Krampus – Survival of the Fittest Review

Krampus // Survival of the Fittest
Rating: 4.5/5.0 — raise your glass to honor, honesty and valor!
Label: NoiseArt Records
Websites: |
Release Dates: EU: 2012.08.24 | NA: No date
Written By: Madam X

Krampus - Survival of the FittestTo say I’ve been moved by this album is just a slight understatement… bear with me while I try and reign in my fangirl-ism! It’s rarely that I’ve come across an album that carries such a strong and powerful message, while sounding mind-blowing at the same time. This 8-piece, modern folk metal band hail from Udine, in north-eastern Italy, and it seems this city, known for its iron commerce, will soon be known for a slightly more folk inspired kind of metal. Krampus have a style that is reminiscent of new wave folk metal act Eluveitie and sometimes progressive, mostly melodic, folk metal acts Amorphis, Wintersun and Korpiklaani. Where they differ however, is that instead of looking to the past for inspiration, Krampus have crafted Survival of the Fittest wholeheartedly, lyrically and musically, looking towards the future and a rather bleak, battered and bruised future it appears to be. This is the bands first full release, however Krampus have already released two very tempting EP offerings (Shadows of Our Time and Kronos’ Heritage), and will be leaving for their first extended European (Heidenfest) tour shortly (joining the likes of Wintersun and Korpiklaani), and therefore there is a definite expectation that Survival of the Fittest will be well-received.

The lyrics are the strength or backbone of this album, and Krampus bring subjects like fear, pain, lost independence, oppression, disappointment, forgotten values, ignorance, corruption and injustice like demons spitting and scratching out into the open. Survival of the Fittest stands for honor, honesty and valor above all else. Truthfully, it’s not the lyrics you’re going to notice about the album on first listen, they take a while to soak in and Filippo’s accent drenched, though not at all unpleasant, clean and unclean vocal delivery make it a little tough to discern his message. That being said, Filippo and his backing vocalists succeed in matching their vocal styling’s seamlessly for each and every change in course the album takes.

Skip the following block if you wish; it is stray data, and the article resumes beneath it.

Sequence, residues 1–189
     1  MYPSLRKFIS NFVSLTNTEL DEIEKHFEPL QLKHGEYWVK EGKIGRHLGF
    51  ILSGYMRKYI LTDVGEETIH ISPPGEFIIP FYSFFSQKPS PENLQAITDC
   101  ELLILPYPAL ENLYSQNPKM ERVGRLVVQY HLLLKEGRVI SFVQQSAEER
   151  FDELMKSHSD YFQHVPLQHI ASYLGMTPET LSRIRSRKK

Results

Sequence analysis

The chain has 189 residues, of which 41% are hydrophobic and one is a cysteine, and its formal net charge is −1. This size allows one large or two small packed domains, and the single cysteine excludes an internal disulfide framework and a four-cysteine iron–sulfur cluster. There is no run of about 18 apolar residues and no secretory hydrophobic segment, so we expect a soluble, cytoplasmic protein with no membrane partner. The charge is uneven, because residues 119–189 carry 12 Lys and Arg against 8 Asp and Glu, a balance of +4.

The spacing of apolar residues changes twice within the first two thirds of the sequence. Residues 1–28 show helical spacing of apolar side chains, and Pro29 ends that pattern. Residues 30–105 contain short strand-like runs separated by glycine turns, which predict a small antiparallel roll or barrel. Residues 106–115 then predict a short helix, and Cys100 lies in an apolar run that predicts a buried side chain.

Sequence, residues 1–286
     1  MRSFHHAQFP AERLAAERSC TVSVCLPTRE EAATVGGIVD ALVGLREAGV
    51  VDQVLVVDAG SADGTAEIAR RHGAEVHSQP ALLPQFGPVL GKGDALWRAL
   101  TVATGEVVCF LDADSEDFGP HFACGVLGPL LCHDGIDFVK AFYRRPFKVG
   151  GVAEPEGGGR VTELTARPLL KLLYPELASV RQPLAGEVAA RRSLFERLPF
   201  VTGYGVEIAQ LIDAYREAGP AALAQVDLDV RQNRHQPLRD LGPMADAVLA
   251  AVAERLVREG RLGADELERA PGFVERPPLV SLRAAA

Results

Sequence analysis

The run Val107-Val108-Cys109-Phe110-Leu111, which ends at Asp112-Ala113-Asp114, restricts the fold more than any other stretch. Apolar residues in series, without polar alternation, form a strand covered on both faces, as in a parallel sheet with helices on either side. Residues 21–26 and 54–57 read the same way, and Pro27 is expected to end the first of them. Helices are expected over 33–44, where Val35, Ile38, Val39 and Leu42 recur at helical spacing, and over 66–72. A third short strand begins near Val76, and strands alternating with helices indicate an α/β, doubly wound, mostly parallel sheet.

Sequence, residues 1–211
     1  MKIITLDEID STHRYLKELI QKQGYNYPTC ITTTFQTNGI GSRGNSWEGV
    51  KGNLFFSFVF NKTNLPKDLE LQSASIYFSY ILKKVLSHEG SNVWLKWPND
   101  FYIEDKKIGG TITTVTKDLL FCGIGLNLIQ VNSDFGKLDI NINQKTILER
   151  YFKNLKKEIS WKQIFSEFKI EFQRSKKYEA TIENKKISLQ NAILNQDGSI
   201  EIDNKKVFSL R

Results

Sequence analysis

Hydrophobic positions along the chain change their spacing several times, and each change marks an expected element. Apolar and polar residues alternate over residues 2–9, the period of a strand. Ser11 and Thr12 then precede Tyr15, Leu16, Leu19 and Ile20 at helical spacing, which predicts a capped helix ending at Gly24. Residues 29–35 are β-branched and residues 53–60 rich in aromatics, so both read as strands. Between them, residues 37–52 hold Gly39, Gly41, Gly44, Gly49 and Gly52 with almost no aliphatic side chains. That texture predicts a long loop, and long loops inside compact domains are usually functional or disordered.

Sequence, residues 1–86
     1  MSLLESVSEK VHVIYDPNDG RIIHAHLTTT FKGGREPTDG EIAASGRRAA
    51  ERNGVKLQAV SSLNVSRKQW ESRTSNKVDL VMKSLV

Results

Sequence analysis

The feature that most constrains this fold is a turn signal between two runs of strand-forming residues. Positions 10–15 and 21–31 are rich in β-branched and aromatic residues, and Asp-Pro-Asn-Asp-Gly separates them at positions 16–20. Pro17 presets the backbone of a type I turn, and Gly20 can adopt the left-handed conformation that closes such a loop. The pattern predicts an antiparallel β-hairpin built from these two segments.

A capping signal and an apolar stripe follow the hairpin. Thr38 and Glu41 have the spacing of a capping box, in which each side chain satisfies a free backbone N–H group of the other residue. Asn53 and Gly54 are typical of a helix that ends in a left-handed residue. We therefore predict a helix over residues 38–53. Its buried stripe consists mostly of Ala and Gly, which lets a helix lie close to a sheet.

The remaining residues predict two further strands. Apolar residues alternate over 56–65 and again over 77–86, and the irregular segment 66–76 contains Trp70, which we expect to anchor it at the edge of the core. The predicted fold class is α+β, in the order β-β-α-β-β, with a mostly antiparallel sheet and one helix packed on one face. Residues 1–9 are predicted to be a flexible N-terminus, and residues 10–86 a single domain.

Krampus - © 2012 Alberto Moretti ( Krampus approach their metals with the usual tools of the trade, distorted guitars, drums, bass and keyboards to which they tastefully add an array of traditional folk instruments such as the violin, bagpipes, whistles, flutes and the Irish bouzouki. “Arise (The Day of Reckoning)” is an epic opener to the album, that does a great job of whetting your palate and flowing into the real opener: “Beast Within” – and like envy, the subject matter of this track – this frenetic, ridiculously catchy track feels like a “ravenous beast corroding you from within.” “The Bride” sets itself well apart from the rest of the album being the only track to feature almost entirely clean vocals – and this change in no way feels out of place. Musically Survival of the Fittest flows consistently and comfortably from track to track without becoming dull and losing excitement – there are great and tight guitar riffs and solos and varied drum work aplenty, interspersed with well-played (never overdone or cheesy) folk instruments, truly setting this album apart from other similar folk metal albums in the market already.

Stand out moments for me are Filippo’s screams, these really come out to play on my favourite track “Shadows of our Time.” This track (despite the heavy subject matter) is the perfect blend of screaming, growling, soaring, weirdly festive, catchy fun that makes you want to jump up, grab your cat (take note of ‘X-Men claws’ in relation to jugular at this point), and dance around the room like a crazy person [Upon which time you will be docked Metal Points™ . You, Madam X, just lost 50. AMG]. The tracks on this album never reach more than 4.5 minutes, with the album sitting around 41 minutes in total, and while this is short by most standards, it actually works in Krampus’ favour as you’re well tempted just to spin the album again as soon as it ends… yea, yea, been there, done that.

If you have a gap in your playlist for a few minutes of well executed, heavier-than-you-would-expect, new wave, melodic, catchy-as-hell folk metal with a great and important message, then this album is not to be missed.

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